To learn more about «Why Portugal» please go to https://www.macedovitorino.com/en/why-portugal/

This project reinforces Macedo Vitorino & Associados’ digital portfolio and online presence, following the launch, in 2016, of «MVStart», a program that aims to support the creation of startups in Portugal.

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2018-02-07
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João de Macedo Vitorino

The “Startup Visa” is an hosting program focused on foreign investors who wish to develop an enterprise or an innovative project in Portugal. Such entrepreneurs may apply for a residence authorization/visa if: 

  • they have a real and effective interest in developing in Portugal an entrepreneurial project, including but not limited to the creation of innovation-based companies;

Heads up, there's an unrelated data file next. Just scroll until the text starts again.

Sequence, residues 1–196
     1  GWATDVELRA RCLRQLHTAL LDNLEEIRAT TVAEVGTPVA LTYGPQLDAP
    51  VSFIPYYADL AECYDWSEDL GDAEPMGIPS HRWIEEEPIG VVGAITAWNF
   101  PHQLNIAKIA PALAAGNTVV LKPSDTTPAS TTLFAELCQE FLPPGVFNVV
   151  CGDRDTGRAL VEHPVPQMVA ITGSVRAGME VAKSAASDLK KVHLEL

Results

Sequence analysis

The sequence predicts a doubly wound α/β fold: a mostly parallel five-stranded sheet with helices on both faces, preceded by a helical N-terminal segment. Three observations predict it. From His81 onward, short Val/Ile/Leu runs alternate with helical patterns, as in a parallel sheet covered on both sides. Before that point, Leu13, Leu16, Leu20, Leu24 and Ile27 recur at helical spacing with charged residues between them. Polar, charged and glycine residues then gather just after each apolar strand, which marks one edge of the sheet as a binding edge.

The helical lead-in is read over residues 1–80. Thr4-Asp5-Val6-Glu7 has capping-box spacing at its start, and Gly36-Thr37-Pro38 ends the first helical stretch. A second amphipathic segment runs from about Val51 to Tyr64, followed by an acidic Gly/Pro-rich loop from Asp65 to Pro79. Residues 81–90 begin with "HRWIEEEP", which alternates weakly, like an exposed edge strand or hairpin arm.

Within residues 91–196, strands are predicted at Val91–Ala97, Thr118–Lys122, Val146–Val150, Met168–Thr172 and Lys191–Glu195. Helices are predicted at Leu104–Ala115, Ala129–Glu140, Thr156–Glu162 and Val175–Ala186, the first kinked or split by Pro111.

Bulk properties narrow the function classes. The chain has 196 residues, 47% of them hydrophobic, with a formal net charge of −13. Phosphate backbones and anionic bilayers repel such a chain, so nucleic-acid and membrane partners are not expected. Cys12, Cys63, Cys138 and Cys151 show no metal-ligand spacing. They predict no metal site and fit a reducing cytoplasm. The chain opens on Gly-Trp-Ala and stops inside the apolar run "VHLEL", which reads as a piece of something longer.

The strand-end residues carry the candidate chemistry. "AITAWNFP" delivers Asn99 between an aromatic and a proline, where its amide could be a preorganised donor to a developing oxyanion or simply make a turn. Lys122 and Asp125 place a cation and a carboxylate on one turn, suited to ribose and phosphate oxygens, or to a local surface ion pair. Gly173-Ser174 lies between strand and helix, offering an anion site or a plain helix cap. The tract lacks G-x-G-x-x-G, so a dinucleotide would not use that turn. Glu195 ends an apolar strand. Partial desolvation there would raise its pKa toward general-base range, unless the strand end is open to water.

• the activity carried out through such project aims at the production of international and innovative goods and services;
  • the project has potential to create qualified employment (at least 5 jobs in 24 months); and
  • one or more “certified incubators” have shown interest in incubating the project.

A list of “certified incubators” will be made available to entrepreneurs on the IAPMEI’s website, during the month of February. These incubators will be responsible for validating the projects, for supporting the development of new businesses, for the provision of equipped spaces and for administrative and marketing assistance under an incubation agreement.

For each application, 5 residence authorizations/visas may be requested. The application can be submitted electronically in Portuguese or in English, to be examined by the IAPMEI. 

The benefits granted to entrepreneurs under the “Startup Visa” shall be in force until the end of the incubation agreement.